periodical Micromega, she wrote that the Pope had died for reasons that were clearly not mentioned. â€œOf all the problems of the complicated clinical picture of the patient, the acute respiratory insufficiency was not the principal threat to the life of the patient. The Pope was dying from another consequence of the effects on the [throat] muscles from his Parkinson's Disease... not treated: the incapacity to swallow." In response to the damaging revelations, the Vatican insisted that the ailing Pope's 'treatment was not interrupted' and that he was provided feeding tubes three days before his death. But the Vatican evaded an explanation to the crucial point in Dr. Lina's argument that the Pope needed feeding assistance weeks before his demise. The debates on legalizing euthanasia usually evoke the same responses by the two sides fighting endlessly over God,
a dead end. But a few countries have managed to overcome the ethicsmongers and to formulate a medical and legal frame work to allow long suffering patients to end their trauma by choice. The Northern Territory of Australia was the only place where active euthanasia (administration of drugs by a doctor to end life) had a legal approval. But the Northern Territory Rights of the Terminally Ill Act 1995 was nullified by the Australian senate in 1997. Netherlands legalized euthanasia in 2002, making it the first country on earth to do so. Some US states allow/do not criminalise assisted suicides by law. The state of Oregon had legalised physicianassisted suicides in a 1994 referendum while the states of North Carolina, Utah and Wyoming have no statutes criminalising assisted suicides. An SC verdict in Ohio State in 1996 held that assisted suicide is not a crime.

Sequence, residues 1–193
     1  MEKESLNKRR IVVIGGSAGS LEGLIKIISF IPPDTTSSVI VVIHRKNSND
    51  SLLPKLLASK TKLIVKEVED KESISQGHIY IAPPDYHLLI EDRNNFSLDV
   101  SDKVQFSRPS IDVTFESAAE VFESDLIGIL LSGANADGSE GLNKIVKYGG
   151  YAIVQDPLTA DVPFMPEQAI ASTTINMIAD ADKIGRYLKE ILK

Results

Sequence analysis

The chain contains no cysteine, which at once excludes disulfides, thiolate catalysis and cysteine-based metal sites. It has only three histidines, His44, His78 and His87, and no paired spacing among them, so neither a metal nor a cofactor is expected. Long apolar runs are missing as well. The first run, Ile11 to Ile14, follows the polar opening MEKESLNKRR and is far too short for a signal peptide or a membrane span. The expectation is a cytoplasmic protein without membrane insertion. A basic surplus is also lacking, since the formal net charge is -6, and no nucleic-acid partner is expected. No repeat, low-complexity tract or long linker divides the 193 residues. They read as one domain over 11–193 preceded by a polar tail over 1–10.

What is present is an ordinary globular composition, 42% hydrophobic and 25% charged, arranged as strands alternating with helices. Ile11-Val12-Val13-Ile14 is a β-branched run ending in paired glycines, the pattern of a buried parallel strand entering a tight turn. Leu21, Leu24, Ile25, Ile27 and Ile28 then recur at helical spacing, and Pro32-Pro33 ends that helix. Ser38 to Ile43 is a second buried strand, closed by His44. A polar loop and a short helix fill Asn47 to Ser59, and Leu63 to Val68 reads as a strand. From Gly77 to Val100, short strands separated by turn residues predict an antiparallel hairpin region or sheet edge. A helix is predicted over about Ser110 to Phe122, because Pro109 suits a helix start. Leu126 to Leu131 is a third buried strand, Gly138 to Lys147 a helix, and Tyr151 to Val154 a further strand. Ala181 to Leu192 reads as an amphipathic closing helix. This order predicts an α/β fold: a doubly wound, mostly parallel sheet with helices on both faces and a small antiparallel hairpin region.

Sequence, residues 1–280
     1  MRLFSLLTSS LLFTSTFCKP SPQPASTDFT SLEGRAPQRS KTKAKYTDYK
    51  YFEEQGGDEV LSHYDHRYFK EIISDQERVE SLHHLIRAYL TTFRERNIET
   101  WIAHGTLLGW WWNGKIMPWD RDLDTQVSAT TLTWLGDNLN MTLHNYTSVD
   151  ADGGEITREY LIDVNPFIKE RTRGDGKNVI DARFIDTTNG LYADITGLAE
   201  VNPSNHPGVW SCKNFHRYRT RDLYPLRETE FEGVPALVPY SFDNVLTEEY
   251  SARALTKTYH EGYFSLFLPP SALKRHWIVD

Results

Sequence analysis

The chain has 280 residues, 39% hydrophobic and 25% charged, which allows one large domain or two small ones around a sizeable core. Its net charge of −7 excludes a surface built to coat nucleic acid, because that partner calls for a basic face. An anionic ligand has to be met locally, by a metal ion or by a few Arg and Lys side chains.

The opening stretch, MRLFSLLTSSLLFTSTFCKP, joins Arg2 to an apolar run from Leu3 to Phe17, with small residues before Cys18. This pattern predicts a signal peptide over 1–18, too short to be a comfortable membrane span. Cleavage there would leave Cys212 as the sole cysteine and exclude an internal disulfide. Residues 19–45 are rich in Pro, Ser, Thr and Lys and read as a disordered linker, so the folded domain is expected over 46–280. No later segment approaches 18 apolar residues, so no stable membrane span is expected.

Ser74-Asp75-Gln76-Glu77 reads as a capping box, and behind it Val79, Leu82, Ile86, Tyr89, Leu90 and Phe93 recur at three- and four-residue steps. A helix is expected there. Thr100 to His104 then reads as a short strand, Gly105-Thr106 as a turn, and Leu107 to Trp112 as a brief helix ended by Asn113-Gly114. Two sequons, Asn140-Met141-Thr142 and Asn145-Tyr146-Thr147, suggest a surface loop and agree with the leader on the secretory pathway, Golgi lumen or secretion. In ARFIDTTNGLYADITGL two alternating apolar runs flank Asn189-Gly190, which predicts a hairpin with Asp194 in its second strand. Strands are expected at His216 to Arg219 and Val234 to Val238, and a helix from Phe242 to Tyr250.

The history of euthanasia dates back to ancient Greece and Rome where physician assisted suicides were widespread until the advent of Hippocratic School of medicine who pledged "never (to) give a deadly drug to anybody if asked for it, nor make a suggestion to this effect." The spread of Christianity and the acceptance of the 'supreme values of suffering' that would be rewarded later in heaven, made suicide and assisted suicide a grave sin. The Nazi euthanasia drive to eliminate terminally ill patients and children with A Global Dilemma antiusually evoke the same responses by the genetic disorders brought euthanasia brigade to silence voices in two sides fighting endlessly over God, ethics and morality and finally reaching favour.